The nuisance and dangers birds in fans bring has made you and a lot of people want to know how to remove bird nest from bathroom vent.
Birds flit, dance, swoop and can are usually fun to watch in the great outdoors. But when they cross the line and make a home in your bathroom vent, birds quickly become dangers plus nuisance for homeowners.
That being said, getting rid of birds nesting in extractor fan vent is a relatively simple process with the right tools and equipment
How to Remove Bird Nest From Bathroom Vents
The first step in how to remove bird nest from bathroom vents is to use thick gloves, a mask for your nose and mouth, and googles.
Naturally, nests are full of tiny mites and bits of bacteria. Always take precautions when working on a roof or with sharp metal materials.
- Put all of your protective gear, long needle-nose pliers, a flashlight and long screwdriver in one place.
- Locate the vent or pipe, mostly to the side or above of your bathroom
- Take off the easy parts by hand, such as any leaves, twigs and sticks that poke up from the nest.
- Long needle-nose pliers can help to remove parts of the nest that have wound around slats in the pipe.
- Use the flashlight to confirm that you’ve scraped the pipe clean. A long screwdriver can loosen any sticky leaves or stubborn feathers that are along the side of the vent or pipe.
- Finally, hose down the pipe to flush out the vent slats completely.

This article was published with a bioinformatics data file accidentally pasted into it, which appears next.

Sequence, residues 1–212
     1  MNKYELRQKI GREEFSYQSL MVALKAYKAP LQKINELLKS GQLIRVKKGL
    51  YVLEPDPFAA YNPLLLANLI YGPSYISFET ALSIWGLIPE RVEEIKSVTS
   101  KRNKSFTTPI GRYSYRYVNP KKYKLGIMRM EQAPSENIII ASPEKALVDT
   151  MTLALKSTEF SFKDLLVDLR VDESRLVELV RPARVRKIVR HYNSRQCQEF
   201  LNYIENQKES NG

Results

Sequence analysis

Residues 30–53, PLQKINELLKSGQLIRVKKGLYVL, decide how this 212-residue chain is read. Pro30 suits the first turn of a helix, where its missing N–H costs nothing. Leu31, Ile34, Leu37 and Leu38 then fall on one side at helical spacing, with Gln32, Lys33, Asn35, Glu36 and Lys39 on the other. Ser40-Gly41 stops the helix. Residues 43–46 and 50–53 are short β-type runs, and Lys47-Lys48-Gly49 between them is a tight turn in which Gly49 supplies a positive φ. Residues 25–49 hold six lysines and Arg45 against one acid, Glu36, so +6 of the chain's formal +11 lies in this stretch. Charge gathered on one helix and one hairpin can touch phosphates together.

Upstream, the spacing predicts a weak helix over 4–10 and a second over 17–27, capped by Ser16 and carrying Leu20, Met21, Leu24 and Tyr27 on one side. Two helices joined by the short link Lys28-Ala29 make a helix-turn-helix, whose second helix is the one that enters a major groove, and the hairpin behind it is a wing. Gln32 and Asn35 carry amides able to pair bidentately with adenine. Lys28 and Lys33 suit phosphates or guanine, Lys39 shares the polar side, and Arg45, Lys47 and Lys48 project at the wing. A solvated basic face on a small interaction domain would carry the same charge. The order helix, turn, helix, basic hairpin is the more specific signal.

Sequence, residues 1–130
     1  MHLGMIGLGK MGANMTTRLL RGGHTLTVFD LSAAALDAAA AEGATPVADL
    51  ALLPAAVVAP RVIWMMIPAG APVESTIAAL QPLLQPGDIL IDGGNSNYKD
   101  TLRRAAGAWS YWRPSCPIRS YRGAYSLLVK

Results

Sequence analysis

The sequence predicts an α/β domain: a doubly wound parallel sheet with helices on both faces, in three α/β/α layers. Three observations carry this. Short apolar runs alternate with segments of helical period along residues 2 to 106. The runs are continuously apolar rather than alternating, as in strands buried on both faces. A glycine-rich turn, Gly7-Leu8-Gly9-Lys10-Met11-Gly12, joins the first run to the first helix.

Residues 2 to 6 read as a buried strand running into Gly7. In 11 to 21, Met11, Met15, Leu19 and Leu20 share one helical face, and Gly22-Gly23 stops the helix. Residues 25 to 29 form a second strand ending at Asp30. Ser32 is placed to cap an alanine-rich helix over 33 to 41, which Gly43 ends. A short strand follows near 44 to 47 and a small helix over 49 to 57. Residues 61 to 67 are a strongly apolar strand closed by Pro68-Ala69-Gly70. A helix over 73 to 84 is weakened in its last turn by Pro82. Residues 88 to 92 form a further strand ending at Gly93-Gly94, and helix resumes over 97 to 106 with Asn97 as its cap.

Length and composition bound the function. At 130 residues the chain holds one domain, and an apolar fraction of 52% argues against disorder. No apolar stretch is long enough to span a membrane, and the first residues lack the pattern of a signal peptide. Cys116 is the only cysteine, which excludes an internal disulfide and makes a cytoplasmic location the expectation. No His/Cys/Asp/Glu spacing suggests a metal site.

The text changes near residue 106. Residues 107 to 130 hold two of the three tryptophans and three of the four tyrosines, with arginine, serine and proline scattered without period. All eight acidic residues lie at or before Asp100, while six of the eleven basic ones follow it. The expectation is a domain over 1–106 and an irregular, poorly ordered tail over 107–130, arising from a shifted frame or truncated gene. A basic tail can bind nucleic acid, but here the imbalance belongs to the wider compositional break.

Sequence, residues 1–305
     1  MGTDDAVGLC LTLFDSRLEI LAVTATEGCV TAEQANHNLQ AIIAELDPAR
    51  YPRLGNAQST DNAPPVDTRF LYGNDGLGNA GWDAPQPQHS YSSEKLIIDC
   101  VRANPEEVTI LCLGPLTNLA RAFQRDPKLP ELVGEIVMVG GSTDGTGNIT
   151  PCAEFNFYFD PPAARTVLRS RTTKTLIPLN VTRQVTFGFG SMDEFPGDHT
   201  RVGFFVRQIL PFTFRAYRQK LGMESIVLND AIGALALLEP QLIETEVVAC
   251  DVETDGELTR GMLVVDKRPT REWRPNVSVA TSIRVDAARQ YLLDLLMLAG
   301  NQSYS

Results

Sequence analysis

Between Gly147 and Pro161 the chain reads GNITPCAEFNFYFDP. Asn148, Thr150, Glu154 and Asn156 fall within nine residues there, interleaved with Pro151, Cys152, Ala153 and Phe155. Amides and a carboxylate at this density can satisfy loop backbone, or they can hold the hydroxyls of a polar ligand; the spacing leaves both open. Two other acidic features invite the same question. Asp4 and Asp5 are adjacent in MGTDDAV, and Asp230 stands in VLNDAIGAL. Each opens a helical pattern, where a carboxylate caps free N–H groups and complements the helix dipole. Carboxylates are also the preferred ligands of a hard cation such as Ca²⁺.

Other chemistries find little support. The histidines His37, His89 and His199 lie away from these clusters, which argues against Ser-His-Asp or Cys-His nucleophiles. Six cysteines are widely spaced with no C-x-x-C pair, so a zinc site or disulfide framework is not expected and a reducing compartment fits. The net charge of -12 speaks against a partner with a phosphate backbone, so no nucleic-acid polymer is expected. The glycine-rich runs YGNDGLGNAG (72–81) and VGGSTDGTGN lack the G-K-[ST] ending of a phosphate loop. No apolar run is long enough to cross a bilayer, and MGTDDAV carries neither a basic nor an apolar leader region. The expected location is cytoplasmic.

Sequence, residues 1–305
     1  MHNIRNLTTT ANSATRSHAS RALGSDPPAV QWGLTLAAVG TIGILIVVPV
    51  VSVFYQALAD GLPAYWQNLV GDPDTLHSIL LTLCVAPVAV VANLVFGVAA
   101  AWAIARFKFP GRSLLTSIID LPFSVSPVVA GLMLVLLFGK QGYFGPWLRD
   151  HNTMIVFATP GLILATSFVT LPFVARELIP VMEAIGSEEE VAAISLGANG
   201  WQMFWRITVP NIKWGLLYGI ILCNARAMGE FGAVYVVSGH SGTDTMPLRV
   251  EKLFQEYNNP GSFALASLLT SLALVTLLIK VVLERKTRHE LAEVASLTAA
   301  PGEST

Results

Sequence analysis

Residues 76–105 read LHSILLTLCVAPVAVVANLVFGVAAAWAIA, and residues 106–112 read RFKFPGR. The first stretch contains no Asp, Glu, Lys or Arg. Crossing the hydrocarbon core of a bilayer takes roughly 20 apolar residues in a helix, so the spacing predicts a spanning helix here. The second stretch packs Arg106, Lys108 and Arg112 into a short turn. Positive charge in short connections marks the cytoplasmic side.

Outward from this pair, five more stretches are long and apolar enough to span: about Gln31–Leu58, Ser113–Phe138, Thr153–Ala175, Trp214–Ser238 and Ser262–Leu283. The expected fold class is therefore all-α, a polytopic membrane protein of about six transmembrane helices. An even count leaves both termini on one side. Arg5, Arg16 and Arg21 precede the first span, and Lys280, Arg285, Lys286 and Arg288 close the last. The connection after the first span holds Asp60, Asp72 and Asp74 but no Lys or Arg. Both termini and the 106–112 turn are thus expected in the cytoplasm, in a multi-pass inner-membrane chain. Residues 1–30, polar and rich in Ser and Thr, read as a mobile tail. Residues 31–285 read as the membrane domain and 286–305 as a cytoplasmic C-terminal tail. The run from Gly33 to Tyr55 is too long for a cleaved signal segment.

How to Get a Permit
Before you take on the job of riding your home of bird’s nest, confirm whether or not the nest is in use.
The Migratory Bird Treaty Act of 1918 states that removal of any active bird’s nest is illegal without a permit, no matter the location of the nest.
You can obtain a permit from the United States Fish and Wildlife Service to remove an active nest with baby birds nestled inside.
You should also check to see if your area has any specific regulations and rules in place for wildlife.
If the nest is active, you may just have to wait till the baby birds can fly. Once the baby birds fly away from the nest and pop and mom have left the pipe, you may go in and clear the nest.
This can take a few weeks and up to a few months.
Dangers of Bird’s Nests in Vents
The mass vents and pipes that are mounted on the roof or side of your hone each perform some pretty important things.
The sewer pipes pull air into your bathroom pipes to make sure that any sewer gas stays within the pipes. Once the pipe is clogged with a bird’s nest, foul odors and dangerous gases can back up into the home.
Exposure to bird nests and roosts that are heavily contaminated with dangerous fungal spores found in droppings increases the chances of breathing it in.
You, I (and your family) are at most risk when dry bird feces become airborne and travel through air vents and open windows.
Birds can carry over 40 types of host and parasites internally. There are over 60 types of infectious disease that can be spread by the dried bird droppings to you, your family, pets and employees.